Adderall Abuse & Addiction in Orlando
What Is Adderall?
Adderall is a prescription drug that acts as a stimulant. It’s available in a standard-release and a time-release version. This brand-name drug is a combination of amphetamine and dextroamphetamine, both of which are stimulants individually.
Adderall is primarily prescribed to children and adults to treat attention-deficit/hyperactivity disorder (ADHD). In rarer cases, Adderall may be prescribed to treat the sleep disorder narcolepsy. The Food and Drug Administration originally approved Adderall in 1960. The DSM Pharmaceuticals company makes the brand-name version of the drug, and there are also drug companies that manufacture generic versions.
Adderall stimulates the central nervous system and increases the level of certain neurotransmitters in the brain. If someone has ADHD and they use Adderall as prescribed, it calms them and helps them focus.
There are certain health risks associated with the use of Adderall, particularly if it’s used other than how it’s prescribed. For example, Adderall can lead to stroke, high blood pressure and heart problems. If someone has a pre-existing heart condition, taking Adderall can be especially risky. If someone has certain mental health problems, such as depression or bipolar disorder, Adderall can exacerbate their symptoms.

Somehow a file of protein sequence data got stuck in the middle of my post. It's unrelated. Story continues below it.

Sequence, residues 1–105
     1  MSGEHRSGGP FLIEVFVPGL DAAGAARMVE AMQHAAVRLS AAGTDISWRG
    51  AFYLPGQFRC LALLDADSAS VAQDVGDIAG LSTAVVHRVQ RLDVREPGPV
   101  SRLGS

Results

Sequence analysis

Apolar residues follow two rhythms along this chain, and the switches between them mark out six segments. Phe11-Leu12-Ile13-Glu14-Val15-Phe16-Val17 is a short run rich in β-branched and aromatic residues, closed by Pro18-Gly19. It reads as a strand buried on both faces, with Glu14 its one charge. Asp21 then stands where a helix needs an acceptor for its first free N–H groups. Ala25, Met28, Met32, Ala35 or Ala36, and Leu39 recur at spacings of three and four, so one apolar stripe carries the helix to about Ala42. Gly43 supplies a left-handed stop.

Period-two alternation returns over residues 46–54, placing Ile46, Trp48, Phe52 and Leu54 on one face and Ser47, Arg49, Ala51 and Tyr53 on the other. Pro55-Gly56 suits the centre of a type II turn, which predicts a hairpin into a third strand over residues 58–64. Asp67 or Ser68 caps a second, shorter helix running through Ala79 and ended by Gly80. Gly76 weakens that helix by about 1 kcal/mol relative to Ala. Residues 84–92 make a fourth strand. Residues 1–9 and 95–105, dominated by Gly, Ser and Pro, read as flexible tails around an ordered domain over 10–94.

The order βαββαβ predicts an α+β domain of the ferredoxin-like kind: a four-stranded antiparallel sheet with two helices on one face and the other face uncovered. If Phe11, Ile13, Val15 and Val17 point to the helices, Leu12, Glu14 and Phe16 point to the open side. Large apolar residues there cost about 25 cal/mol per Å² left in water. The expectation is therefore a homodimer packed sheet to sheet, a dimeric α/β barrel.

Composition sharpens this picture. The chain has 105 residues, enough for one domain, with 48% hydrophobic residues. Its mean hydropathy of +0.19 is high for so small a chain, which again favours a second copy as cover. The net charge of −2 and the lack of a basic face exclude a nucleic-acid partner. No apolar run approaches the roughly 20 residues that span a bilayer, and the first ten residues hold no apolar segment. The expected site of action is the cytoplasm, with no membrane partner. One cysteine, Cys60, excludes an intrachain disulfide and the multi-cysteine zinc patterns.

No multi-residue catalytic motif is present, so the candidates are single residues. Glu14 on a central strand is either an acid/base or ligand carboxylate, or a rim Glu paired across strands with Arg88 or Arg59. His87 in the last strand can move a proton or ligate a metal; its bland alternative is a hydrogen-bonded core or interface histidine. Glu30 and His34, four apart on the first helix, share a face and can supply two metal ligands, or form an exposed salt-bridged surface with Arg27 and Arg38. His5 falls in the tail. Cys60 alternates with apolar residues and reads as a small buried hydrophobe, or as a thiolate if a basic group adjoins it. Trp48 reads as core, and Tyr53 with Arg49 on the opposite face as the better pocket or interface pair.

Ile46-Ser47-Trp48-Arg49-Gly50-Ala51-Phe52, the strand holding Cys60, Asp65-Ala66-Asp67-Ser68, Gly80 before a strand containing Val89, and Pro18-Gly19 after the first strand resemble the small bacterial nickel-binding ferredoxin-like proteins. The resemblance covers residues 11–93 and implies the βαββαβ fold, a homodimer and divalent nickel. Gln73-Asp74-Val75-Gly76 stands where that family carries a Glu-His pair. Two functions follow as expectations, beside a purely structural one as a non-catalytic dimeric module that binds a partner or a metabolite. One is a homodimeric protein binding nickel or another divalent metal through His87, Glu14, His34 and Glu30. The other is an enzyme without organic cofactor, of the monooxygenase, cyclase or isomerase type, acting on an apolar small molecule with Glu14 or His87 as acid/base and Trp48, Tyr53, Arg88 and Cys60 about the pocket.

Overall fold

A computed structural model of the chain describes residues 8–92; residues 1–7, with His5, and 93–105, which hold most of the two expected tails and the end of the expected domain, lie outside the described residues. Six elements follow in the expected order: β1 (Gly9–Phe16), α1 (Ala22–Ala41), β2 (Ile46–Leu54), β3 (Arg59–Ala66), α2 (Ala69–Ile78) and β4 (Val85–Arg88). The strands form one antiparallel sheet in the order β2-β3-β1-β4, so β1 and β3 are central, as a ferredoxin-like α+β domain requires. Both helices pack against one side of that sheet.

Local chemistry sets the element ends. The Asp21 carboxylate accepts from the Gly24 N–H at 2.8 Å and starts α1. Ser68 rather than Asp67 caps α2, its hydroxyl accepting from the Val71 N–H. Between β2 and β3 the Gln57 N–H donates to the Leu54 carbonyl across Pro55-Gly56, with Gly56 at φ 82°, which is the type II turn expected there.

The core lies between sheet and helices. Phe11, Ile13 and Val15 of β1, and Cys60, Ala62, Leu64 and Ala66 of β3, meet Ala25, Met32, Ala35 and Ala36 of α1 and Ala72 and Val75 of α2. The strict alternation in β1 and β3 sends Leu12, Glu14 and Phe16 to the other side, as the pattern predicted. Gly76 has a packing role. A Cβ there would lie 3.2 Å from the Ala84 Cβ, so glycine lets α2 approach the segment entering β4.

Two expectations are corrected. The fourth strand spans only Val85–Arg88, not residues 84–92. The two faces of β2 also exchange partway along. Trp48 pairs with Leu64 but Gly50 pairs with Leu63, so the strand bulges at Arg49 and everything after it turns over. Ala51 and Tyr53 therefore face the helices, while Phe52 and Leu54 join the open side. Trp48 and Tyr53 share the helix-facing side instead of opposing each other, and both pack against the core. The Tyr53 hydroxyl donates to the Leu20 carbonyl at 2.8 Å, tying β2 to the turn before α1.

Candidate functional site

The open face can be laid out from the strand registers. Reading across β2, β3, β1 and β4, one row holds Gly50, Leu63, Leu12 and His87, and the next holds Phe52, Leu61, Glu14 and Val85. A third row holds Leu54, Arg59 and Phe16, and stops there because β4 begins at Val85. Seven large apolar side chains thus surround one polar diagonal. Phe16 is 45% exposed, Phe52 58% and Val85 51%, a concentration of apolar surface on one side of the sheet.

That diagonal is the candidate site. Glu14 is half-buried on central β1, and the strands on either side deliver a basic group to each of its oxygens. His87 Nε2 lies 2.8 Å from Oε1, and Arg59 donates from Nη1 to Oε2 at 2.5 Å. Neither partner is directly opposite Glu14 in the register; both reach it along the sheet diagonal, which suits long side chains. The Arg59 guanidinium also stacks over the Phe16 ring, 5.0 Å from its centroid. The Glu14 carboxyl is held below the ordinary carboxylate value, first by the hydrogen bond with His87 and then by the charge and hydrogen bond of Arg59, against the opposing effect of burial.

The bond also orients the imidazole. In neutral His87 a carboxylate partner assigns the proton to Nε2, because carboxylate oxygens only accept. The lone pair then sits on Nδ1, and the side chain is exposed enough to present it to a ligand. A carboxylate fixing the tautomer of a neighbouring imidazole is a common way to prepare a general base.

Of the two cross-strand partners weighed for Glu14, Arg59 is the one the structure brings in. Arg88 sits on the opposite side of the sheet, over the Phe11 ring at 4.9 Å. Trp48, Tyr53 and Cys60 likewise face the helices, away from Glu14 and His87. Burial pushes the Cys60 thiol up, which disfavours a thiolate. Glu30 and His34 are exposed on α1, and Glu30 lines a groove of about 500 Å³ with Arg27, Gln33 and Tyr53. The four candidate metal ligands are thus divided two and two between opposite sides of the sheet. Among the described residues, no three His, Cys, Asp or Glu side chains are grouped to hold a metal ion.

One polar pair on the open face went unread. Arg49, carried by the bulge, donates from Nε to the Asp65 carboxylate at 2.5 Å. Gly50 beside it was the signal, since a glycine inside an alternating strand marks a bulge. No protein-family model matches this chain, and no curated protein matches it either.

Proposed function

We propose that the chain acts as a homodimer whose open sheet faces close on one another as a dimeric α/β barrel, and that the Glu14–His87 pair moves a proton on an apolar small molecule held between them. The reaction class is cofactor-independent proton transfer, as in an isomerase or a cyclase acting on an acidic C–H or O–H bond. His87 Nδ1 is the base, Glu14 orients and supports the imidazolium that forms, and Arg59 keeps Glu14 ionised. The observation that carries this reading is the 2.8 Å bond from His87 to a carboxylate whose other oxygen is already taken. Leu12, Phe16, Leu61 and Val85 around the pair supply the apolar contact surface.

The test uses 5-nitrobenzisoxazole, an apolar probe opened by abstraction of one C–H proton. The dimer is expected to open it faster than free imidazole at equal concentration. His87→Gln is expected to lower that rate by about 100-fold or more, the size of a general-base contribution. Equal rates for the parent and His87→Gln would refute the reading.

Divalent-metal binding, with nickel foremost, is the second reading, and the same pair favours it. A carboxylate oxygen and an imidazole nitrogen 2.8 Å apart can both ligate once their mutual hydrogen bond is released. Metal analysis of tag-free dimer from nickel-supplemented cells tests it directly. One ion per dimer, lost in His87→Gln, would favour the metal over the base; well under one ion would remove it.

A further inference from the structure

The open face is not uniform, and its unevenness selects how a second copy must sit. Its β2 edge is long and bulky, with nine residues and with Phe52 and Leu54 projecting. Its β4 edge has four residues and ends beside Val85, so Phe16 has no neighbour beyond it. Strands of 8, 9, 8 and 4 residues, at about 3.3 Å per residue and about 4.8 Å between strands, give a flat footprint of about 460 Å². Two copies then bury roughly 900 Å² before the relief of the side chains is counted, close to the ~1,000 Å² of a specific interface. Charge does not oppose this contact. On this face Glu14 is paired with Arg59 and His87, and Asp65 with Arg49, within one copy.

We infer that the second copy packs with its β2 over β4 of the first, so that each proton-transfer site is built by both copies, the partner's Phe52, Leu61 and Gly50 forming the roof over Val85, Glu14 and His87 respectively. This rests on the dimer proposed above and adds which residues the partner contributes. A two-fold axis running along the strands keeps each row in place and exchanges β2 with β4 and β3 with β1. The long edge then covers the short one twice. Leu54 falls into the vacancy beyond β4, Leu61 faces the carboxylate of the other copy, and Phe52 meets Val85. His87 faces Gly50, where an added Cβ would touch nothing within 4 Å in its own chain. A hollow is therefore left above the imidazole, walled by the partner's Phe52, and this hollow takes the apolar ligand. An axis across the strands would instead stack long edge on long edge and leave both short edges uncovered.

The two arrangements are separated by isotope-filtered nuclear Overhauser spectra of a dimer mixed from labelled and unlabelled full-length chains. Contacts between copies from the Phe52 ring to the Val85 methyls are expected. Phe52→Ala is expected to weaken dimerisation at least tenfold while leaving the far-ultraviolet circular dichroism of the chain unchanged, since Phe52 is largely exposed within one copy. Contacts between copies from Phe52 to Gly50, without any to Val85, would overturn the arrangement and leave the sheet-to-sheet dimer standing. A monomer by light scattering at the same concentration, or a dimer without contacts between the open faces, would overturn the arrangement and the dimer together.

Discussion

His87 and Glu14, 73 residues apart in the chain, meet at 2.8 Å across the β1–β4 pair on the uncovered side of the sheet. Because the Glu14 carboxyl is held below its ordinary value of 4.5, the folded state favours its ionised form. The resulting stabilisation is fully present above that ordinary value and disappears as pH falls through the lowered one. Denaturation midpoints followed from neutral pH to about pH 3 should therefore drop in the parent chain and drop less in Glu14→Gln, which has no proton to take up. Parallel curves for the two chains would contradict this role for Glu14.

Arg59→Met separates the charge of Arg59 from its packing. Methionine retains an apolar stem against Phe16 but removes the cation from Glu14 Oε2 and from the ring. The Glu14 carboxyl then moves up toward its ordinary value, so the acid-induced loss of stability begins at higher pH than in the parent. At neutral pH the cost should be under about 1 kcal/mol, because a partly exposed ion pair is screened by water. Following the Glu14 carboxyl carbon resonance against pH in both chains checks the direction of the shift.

Is Adderall Addictive?
Adderall is an addictive drug and people who develop an Adderall addiction have often used it without a prescription or in a way other than how it’s prescribed. When some people use Adderall, especially if they don’t have ADHD, it can cause a euphoric high. A person may have different reasons for abusing Adderall. One of the most common is to give them a performance edge, particularly in school or work.
When someone abuses Adderall, it can not only create euphoria but also improve concentration, motivation and a sense of confidence. Adderall can help people stay awake for long periods of time, which has contributed to its reputation as a “study drug.”
Adderall is also commonly abused among young professionals, particularly those who work in high-stress or competitive environments. Some of the signs of Adderall abuse can include seeming very talkative, excitability or unusual energy levels, and in some people aggression and irritability.
If someone uses Adderall without a prescription or they use it outside of how it’s intended to be used, they’re at a risk of becoming addicted. For example, sometimes people crush it or empty the capsules to snort the drug. This gives a more rapid and powerful high but also leads to addiction more quickly. Individuals might also dissolve the drug to inject it, and the results are similar.